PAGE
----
Welcome to the LEES Lab
The LEES Lab at the CGCEO of Michigan State University, directed by
Dr. Jiquan Chen, is interested in scientific investigations and education on
fundamental ecosystem and landscape processes for understanding ecosystem
functions and management.
Our current studies are focused on the carbon and water cycles of
different ecosystems (grassland, desert, forest, cropland, wetlands,
freshwater) at multiple spatial and
temporal scales, bioenergy systems and resource uses, coupled interactions
and feedback between climatic change and human activities, and sustainable
management and conservation.
Our research projects, spreading mostly across North American and
Asian landscapes, are based on sound field experiments and monitoring
stations, state-of-the-art equipment and technology, modeling, and remote
sensing technology. The LEES Lab is also the home of book series on
"Ecosystem Science and Applications—ESA" for the Higher Education Press
(HEP) and De Gruyter. We maintain a high ethical and liberal standard for professional collaborations in research and education.
A Bayesian approach to mapping the uncertainties of global urban lands
Landscape and Urban Planning, September 2018 | DOI:10.1016/j.landurbplan.2018.07.016
Zutao Ouyang, Peilei Fan, Jiquan Chen, Raffaele Lafortezza, Joseph P. Messina, Vincenzo Giannico, Ranjeet John
Global distribution of urban lands is one of the essential pieces of information necessary for urban planning. However, large disagreement exists among different products and the uncertainty remains difficult to quantify. We applied a Bayesian approach to map the uncertainties of global urban lands. We demonstrated the approach by producing a hybrid global urban land map that synthesized five different urban land maps in ca. 2000 at 1-km resolution. The resulting hybrid map is a posterior probability map with pixel values suggesting the probability of being urban land, which is validated by 30-m higher resolution references. We also quantified the minimum and maximum urban areas in 2000 for each country/continent based on subjective probability thresholds (i.e., 0.9 and 0.1) on our hybrid urban map. Globally, we estimated that the urban land area was between 377,000 and 533,000 km2 in 2000. The credible interval of minimum/maximum urban area can help guide future studies in estimating urban areas. In addition to providing uncertainty information, the hybrid map also achieves higher accuracy than individual maps when it is converted into a binary urban/non-urban map using a probability threshold of 0.5. This new method has the ability to further integrate discrete site/location-based data, local, regional, and global urban land maps. As more data is sequentially integrated, the accuracy is expected to improve. Therefore, our hybrid map should not be regarded as a final product, but a new prior product for future synthesis and integration toward a 'big data' solution.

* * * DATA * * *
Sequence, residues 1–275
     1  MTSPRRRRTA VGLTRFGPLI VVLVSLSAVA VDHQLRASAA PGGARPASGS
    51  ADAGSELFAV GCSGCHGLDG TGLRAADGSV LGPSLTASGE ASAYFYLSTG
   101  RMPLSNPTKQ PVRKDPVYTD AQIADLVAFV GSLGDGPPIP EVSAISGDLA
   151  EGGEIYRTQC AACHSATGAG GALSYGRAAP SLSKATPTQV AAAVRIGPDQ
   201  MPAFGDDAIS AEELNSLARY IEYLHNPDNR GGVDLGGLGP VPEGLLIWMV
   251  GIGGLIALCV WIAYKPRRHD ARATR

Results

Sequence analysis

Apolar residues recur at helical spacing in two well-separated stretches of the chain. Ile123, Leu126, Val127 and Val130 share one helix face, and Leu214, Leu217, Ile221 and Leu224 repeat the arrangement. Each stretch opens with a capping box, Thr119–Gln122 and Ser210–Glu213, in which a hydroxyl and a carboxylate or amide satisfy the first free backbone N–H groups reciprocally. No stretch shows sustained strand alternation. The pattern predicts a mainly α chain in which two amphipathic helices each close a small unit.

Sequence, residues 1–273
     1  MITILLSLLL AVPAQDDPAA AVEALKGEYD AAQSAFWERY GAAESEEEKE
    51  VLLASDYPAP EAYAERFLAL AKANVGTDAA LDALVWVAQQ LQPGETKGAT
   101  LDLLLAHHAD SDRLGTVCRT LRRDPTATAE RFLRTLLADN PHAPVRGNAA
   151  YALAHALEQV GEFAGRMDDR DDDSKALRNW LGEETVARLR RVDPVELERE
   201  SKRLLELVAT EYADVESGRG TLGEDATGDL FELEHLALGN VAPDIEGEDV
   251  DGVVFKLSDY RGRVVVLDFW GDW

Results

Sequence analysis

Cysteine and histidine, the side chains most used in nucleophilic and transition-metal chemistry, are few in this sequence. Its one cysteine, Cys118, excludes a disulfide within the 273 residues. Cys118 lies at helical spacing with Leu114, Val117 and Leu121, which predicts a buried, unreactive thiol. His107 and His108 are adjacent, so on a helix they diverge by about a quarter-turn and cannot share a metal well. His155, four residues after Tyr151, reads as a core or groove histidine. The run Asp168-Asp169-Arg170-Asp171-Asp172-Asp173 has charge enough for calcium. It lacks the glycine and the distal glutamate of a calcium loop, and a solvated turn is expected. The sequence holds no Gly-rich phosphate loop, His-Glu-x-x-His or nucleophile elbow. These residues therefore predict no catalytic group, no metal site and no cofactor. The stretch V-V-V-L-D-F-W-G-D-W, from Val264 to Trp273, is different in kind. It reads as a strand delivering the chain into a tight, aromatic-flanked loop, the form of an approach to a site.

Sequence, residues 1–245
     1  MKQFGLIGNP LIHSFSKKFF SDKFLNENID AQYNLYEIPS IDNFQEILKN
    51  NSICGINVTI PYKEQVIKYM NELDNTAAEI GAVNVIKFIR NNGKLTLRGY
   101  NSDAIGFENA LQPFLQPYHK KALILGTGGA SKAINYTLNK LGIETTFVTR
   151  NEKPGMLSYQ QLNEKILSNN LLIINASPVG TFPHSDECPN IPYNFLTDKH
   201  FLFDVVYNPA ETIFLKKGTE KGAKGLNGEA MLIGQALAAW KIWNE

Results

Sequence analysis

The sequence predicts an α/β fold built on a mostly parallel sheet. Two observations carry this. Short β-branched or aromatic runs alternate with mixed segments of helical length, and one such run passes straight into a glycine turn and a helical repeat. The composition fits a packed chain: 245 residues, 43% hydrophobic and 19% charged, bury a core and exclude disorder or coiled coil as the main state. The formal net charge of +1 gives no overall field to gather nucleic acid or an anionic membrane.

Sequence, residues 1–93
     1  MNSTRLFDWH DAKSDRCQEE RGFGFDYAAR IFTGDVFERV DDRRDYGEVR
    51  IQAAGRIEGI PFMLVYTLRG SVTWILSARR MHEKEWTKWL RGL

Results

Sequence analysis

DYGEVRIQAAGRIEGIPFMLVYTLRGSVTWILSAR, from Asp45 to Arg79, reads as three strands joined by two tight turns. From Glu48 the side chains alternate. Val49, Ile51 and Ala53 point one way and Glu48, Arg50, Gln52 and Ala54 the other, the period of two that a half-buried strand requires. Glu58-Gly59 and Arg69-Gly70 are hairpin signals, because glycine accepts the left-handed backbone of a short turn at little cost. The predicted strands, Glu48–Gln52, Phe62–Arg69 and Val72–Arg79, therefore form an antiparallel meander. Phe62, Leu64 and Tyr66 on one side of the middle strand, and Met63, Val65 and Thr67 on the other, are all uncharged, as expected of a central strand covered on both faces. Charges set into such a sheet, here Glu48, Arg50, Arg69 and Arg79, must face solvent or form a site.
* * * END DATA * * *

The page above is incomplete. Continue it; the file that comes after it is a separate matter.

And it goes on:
Hybrid global urban maps resampled at 60-km resolution produced by sequential inference based on Bayes' rule. Six cities (New York, London, New Delhi,
Bangkok, Guangzhou, and Tokyo) were enlarged from their original 1-km resolution to show the detail at a 1:2,500,000 scale.